To make log transportation simpler, lumbermen C.R. Johnson, Calvin Stewart, and James Hunter built the Fort Bragg Railroad in Mendocino County, California, in 1885. This railroad laid the groundwork for the California Western Railroad, sometimes known as The Skunk. The foul stench created by the gasoline-powered engines that powered the automobiles and the crude oil burners that warmed the passengers’ cabins earned it the moniker. People said that the trains emitted such a foul odor that you could smell them before seeing them.
The Fort Bragg Railroad was built in Mendocino County, California, in 1885 by lumbermen C.R. Johnson, Calvin Stewart, and James Hunter.
Kyle Railways, located in Arizona, took over the railroad’s operation in the 1960s and finally acquired it in 1987. Then, 9 years later, it was developed by a consortium of Mendocino Coast investors.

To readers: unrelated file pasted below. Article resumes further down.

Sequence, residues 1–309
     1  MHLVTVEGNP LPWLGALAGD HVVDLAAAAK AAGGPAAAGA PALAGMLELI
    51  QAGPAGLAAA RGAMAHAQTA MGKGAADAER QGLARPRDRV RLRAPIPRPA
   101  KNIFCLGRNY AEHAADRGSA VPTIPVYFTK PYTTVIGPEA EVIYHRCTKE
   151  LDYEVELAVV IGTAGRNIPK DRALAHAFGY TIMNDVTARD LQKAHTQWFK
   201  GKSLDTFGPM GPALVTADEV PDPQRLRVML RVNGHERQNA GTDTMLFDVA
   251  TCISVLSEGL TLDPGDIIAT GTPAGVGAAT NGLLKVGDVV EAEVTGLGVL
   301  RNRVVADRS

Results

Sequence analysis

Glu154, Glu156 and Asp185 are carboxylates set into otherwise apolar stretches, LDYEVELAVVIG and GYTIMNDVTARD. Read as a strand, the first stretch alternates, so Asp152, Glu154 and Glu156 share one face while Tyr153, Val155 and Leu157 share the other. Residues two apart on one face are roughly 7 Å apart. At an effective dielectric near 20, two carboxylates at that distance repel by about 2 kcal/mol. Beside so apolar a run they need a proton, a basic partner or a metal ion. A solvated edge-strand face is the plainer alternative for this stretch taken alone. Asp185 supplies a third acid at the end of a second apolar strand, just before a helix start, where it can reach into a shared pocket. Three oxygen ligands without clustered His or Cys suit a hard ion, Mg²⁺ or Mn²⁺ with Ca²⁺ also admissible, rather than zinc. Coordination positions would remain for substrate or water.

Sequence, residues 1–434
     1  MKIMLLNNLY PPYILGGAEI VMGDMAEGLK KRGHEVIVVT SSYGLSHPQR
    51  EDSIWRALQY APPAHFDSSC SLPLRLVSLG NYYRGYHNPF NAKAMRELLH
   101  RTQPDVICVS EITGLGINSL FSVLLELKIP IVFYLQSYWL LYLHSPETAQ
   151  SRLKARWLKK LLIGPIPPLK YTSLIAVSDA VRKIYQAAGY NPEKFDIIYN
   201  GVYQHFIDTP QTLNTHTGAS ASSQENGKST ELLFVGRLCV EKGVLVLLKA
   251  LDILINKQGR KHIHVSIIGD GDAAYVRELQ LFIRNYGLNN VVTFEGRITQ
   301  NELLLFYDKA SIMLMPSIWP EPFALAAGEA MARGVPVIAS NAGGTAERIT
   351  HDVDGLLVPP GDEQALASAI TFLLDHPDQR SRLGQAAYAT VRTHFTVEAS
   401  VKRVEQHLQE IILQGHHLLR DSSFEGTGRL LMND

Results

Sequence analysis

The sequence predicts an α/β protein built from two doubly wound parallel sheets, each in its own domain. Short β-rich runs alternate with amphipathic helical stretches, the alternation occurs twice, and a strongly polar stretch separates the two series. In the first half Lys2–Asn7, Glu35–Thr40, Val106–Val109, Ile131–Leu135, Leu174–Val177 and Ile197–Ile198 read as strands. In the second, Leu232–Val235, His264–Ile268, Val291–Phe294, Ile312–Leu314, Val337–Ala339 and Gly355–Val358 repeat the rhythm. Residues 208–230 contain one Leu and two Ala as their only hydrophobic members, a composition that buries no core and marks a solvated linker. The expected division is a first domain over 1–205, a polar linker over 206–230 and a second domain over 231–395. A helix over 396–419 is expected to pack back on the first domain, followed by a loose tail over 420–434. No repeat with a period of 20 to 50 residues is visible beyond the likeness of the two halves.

Initially, the railroad was used to move timber.
Because regular trains no longer operate on the lines, the investors converted the railroad into a tourist attraction, providing rides like the Pumpkin Express in the autumn and the Magical Christmas Train in the winter.
A consortium of people in business acquired the railroad in 1996, and it was converted into a tourist attraction.
The Skunk winds through Mendocino County’s gorgeous redwoods, providing spectacular vistas – and there’s no better way to take in them than on a quiet electric railbike.
The railroad is no longer in commercial operation, but park visitors may ride electric railbikes.
In a recent interview, The Skunk’s Robert Jason Pinoli said that the railroad’s trains had constantly been operating for the last 135 years.
What better path to take in the sights than on the back of an electric railbike?
Apart from the unique redwood trees on this site, the guy stated that tourists might see otters, egrets, turtles, and even bears.
Of course, this luxury does not come cheap – each bike trip costs $250. Despite the high price, the firm continues to attract many clients, both young and elderly.